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29 July 2020

MSP Highlights New Report on Non-Melanoma Skin Cancer

Low Public Understanding of UK's Most Common Cancer
  • Non-melanoma skin cancer (NMSC) is the most common cancer in the UK, yet around 7 in 10 adults don’t know what it is.
  • NMSC often develops on the head, face or neck and as a result can significantly affect a person’s physical and mental wellbeing.
Stewart Stevenson MSP has welcomed the new report, “State of the Nation: Non-Melanoma Skin Cancer”, written by Sanofi Genzyme, which highlights the risks of the UK’s most common cancer, particularly for outdoor workers.

The report finds that public awareness of non-melanoma skin cancer (NMSC) is worryingly low and urgent action is needed to improve sun safety and symptom recognition. More than 152,000 new cases of NMSC are diagnosed every year; the equivalent of 416 every day. This is more than breast, prostate and lung cancers combined.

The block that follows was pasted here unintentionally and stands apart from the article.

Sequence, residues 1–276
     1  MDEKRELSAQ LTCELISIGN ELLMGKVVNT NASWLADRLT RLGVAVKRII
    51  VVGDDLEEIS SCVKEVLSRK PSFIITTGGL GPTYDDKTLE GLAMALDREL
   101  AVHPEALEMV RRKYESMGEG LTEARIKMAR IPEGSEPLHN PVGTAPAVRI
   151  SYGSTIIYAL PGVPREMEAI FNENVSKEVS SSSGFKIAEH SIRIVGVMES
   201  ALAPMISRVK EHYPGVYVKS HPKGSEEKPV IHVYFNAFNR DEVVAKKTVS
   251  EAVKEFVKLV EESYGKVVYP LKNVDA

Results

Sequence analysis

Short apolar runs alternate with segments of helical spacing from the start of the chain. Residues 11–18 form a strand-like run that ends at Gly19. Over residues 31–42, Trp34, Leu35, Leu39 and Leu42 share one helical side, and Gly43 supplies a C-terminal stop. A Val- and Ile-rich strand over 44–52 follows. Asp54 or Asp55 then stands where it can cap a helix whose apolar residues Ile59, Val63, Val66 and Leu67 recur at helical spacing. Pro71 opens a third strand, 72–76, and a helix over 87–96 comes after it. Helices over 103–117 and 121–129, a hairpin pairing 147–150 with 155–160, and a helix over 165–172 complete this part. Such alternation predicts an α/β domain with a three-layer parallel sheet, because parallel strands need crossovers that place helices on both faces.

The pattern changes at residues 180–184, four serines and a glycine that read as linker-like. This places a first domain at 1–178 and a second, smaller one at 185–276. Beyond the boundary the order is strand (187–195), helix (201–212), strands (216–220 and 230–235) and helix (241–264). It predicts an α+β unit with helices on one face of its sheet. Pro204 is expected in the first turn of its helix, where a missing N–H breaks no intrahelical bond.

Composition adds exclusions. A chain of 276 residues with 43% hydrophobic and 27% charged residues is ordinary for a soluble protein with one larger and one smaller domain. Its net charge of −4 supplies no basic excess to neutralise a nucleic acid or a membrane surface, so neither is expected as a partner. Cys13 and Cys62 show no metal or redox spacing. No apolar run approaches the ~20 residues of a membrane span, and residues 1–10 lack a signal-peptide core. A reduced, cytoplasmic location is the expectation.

A survey of over 3,600 people in the UK, conducted to inform the report, showed that 4 in 10 (40%) of UK adults were not at all confident about identifying the signs of NMSC.

It also found that two thirds (64%) of employees who work outside for more than one hour per day do not get help from their employers to protect against skin cancer. This is despite outdoor workers being more than twice as likely to develop NMSC as those that work indoors, because of increased exposure to ultraviolet radiation (UV) from the sun.

Stewart Stevenson MSP said:

“This report is important in terms of raising awareness of non-melanoma skin cancer, which affected almost 1000 people in the NHS Grampian area in 2018 alone. It’s a very stark statistic that in the last 20 years, the number of cases in the NHS Grampian area has increased by 64%.

“Although it is largely preventable by minimising exposure to UV radiation in sunlight or tanning beds, the number of new cases of NMSC is rising sharply. Worryingly, a new survey commissioned as part of the report showed that 38% of people in Scotland surveyed were unaware of the risk factors for NMSC, and around a half were not confident they would be able to identify the signs of NMSC.

“So I very much welcome this report as an awareness-raising tool amongst the public.”

Stewart Stevenson
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